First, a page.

Trump 'fundamentally breaks' the GOP: Ex-Bush 43 aide

The Republican Party needs candidates to stay in the presidential race in order to force a brokered convention and deny front-runner Donald Trump the nomination, a former senior aide to President George W. Bush said Friday.

That strategy will surely alienate some of Trump's supporters, said Sara Fagen, now a partner at public affairs firm DDC. But while Texas Sen. Ted Cruz, who trails Trump in the delegate count, would have a tough time against Hillary Clinton in a general election, he would keep the core of the party together, she added.

"Donald Trump fundamentally breaks the Republican Party, and it is not the same party moving forward ever again," she told CNBC's "Squawk Box." "That is a worse prospect for most Republicans than Ted Cruz or a weakened Marco Rubio or some other scenario."

Fagen said it is possible but unlikely that a Republican with "enormous stature" like 2012 GOP nominee Mitt Romney or House Speaker Paul Ryan would be put forward if Trump enters the Republican National Convention without the required number of delegates to lock up the nomination.

A more likely possibility is that a Republican governor steps up and runs on a third party ticket, she said. "I think there's a scenario where if he's the nominee, one of these governors looks at the race and says, 'Why not? Why not run as an independent? This is not my Republican Party anymore.'"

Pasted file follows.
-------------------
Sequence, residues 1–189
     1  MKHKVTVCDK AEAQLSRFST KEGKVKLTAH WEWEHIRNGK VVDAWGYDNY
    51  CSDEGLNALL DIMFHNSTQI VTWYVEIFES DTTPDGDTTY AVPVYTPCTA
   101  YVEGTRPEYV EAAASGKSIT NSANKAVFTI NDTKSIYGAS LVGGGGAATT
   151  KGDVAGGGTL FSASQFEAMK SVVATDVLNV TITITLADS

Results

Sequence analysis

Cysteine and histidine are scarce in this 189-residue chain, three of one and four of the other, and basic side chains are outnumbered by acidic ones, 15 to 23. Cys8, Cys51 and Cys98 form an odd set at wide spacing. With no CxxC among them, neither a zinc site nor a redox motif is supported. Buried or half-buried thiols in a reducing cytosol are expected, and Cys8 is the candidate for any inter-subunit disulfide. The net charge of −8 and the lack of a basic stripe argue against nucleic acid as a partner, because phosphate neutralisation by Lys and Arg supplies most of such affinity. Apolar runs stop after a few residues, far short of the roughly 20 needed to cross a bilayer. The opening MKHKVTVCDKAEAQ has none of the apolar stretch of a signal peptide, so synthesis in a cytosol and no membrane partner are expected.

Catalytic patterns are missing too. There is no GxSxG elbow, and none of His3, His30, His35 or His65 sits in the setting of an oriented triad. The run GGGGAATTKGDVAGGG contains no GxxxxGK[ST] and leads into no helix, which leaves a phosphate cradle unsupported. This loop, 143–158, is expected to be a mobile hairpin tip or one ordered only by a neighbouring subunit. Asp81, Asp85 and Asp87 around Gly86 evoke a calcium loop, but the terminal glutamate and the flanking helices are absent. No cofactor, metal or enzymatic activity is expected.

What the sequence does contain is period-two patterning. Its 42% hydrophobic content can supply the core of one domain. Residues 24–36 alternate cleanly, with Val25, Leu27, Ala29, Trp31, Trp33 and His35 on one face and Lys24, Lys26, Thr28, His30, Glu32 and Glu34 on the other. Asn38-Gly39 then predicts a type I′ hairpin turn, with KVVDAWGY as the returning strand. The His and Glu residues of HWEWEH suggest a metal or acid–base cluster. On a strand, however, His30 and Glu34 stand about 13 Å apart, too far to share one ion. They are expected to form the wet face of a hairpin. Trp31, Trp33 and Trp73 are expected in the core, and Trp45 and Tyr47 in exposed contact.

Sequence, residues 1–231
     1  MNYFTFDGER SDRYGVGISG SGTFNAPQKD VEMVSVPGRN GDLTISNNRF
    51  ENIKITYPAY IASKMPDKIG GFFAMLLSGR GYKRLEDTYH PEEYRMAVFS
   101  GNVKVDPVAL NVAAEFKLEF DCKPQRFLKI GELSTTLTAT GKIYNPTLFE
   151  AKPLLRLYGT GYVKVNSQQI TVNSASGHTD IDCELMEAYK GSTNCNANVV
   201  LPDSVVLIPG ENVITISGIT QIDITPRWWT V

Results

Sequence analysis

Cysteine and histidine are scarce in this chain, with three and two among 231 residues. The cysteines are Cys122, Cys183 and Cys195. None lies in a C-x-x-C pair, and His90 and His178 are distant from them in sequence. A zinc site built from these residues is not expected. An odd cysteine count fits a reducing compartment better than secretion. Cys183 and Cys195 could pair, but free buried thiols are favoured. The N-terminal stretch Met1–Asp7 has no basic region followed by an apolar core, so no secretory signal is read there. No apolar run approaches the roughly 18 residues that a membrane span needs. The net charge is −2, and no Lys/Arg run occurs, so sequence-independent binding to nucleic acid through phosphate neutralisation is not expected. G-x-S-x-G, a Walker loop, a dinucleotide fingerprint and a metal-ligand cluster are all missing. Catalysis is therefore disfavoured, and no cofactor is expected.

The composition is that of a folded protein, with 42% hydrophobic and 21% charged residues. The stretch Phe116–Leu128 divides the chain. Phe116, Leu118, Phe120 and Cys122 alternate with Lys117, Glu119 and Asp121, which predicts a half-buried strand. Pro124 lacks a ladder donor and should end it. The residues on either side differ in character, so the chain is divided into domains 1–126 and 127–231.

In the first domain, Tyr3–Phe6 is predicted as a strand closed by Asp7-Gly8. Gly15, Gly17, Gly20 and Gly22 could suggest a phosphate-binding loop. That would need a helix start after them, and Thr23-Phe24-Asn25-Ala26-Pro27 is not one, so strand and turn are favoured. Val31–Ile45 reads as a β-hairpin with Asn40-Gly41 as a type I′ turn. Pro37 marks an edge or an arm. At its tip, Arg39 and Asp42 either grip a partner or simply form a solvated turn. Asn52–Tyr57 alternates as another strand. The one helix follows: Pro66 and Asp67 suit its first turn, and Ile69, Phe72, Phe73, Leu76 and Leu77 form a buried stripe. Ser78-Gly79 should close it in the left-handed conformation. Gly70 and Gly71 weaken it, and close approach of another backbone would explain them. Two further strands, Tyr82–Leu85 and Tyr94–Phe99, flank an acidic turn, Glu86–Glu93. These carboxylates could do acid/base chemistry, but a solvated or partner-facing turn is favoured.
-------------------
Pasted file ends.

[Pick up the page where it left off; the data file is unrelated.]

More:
Fagen noted that the delegates at the Republican National Convention are made up of the establishment's base, so they may not side with Trump in a brokered convention.

There is an argument to be made that if Trump does not secure the required delegates going into the convention, he is on equal footing with all other candidates, regardless of his technical lead in the delegate count, said Rick Tyler, former senior communications advisor for the Cruz campaign.

"Remember, a lot of the delegates who are elected … to go to the convention, most of these people have known the party rules for long time. They live to go to the convention. They have run to go to the convention. They may or may not be Donald Trump supporters," he told "Squawk Box."

To be sure, many people will be upset if Trump maintains his lead but is not nominated, Tyler said. It remains an open question whether Trump supporters will vote against the GOP, sit out the election, or settle on the party's alternative, he added.

Cruz asked for Tyler's resignation last month after the former aide admitted to promoting an inaccurate story about Rubio on social media.